Four-dimensional spatial reasoning in humans


Aflalo, T. N., & Graziano, M. S. A. (2008). Four-dimensional spatial reasoning in humans. Journal of Experimental Psychology, Human Perception and Performance , 34 (5), 1066-1077.

Date Published:

2008 Oct




Human subjects practiced navigation in a virtual, computer-generated maze that contained 4 spatial dimensions rather than the usual 3. The subjects were able to learn the spatial geometry of the 4-dimensional maze as measured by their ability to perform path integration, a standard test of spatial ability. They were able to travel down a winding corridor to its end and then point back accurately toward the occluded origin. One interpretation is that the brain substrate for spatial navigation is not a built-in map of the 3-dimensional world. Instead it may be better described as a set of general rules for manipulating spatial information that can be applied with practice to a diversity of spatial frameworks.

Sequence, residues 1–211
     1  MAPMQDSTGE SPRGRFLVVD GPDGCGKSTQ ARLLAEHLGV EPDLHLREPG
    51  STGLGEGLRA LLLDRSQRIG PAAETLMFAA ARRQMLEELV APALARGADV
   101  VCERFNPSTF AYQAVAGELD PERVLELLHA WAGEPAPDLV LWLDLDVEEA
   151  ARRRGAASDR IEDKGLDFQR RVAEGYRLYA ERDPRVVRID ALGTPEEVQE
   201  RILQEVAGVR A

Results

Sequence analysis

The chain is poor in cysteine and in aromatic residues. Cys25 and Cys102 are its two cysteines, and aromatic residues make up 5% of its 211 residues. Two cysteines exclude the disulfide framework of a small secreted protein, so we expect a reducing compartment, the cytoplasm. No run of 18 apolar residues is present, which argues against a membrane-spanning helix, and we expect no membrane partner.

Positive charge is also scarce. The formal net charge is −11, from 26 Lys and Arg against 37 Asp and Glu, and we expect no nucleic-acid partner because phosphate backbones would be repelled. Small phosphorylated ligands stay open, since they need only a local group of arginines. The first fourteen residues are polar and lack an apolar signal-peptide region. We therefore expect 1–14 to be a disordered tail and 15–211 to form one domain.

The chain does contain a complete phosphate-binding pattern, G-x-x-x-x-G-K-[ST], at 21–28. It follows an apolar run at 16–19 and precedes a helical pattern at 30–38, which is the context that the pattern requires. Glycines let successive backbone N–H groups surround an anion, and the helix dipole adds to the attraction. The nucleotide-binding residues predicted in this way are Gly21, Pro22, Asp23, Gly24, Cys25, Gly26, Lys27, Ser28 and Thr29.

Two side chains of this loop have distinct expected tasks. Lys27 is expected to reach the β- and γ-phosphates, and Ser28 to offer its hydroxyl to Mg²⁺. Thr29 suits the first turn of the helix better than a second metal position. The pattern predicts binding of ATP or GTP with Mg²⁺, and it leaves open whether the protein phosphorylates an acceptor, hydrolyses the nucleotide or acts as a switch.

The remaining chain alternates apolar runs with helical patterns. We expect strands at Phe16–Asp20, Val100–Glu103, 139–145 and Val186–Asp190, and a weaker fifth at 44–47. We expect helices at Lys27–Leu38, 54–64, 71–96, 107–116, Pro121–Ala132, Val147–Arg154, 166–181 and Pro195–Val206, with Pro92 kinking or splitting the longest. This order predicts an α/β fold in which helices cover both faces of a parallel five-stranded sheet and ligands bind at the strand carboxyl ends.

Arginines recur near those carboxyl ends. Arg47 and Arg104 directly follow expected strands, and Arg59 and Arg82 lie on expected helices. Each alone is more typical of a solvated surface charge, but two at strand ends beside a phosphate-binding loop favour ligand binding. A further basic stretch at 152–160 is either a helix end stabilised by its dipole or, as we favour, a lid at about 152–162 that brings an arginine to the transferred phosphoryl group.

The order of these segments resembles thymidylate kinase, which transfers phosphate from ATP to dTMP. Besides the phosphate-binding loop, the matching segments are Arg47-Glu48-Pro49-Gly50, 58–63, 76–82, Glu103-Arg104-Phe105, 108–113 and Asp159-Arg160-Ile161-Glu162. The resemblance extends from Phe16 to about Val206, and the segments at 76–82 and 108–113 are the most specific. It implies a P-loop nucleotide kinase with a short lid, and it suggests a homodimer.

Publisher's Version



Alternate Journal:

J Exp Psychol Hum Percept Perform
Last updated on 05/09/2019